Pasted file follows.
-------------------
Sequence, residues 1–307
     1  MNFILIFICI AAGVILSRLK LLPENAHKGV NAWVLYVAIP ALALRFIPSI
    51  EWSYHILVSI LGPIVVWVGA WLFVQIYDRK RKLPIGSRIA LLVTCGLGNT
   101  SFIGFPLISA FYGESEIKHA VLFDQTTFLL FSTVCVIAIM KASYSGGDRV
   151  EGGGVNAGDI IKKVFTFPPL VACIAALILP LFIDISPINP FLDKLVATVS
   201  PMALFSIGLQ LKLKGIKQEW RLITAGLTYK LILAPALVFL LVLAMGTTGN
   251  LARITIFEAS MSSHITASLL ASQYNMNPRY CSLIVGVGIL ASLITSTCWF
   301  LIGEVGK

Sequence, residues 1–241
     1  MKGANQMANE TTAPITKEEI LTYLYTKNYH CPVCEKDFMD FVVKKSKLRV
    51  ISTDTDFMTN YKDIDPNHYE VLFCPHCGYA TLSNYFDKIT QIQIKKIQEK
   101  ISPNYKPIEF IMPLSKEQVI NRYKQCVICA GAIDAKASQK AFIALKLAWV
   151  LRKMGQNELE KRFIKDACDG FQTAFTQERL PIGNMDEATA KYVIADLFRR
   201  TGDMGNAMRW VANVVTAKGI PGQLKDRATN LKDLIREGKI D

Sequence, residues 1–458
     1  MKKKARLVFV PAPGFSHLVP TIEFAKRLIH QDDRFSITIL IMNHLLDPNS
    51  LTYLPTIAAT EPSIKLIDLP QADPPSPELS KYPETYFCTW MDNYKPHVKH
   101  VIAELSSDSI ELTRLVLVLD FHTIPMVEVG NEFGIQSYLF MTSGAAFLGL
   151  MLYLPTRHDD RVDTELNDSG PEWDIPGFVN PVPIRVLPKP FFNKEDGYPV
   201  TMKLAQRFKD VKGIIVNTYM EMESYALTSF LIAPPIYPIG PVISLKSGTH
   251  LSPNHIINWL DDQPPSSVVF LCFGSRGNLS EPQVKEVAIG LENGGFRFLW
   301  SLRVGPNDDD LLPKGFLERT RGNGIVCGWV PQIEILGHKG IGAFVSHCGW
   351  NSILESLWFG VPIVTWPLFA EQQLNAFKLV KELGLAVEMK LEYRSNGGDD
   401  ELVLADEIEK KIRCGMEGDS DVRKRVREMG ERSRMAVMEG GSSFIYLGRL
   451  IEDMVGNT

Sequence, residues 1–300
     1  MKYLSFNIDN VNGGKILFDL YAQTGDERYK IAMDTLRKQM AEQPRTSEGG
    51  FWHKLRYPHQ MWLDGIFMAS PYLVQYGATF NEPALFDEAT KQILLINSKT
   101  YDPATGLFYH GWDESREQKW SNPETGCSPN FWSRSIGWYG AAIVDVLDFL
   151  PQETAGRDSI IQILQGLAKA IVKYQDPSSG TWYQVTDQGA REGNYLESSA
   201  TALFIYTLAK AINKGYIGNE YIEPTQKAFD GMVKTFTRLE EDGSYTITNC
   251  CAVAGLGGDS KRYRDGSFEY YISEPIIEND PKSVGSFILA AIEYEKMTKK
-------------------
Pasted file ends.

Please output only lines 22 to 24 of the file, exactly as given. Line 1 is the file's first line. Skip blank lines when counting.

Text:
   301  SLRVGPNDDD LLPKGFLERT RGNGIVCGWV PQIEILGHKG IGAFVSHCGW
   351  NSILESLWFG VPIVTWPLFA EQQLNAFKLV KELGLAVEMK LEYRSNGGDD
   401  ELVLADEIEK KIRCGMEGDS DVRKRVREMG ERSRMAVMEG GSSFIYLGRL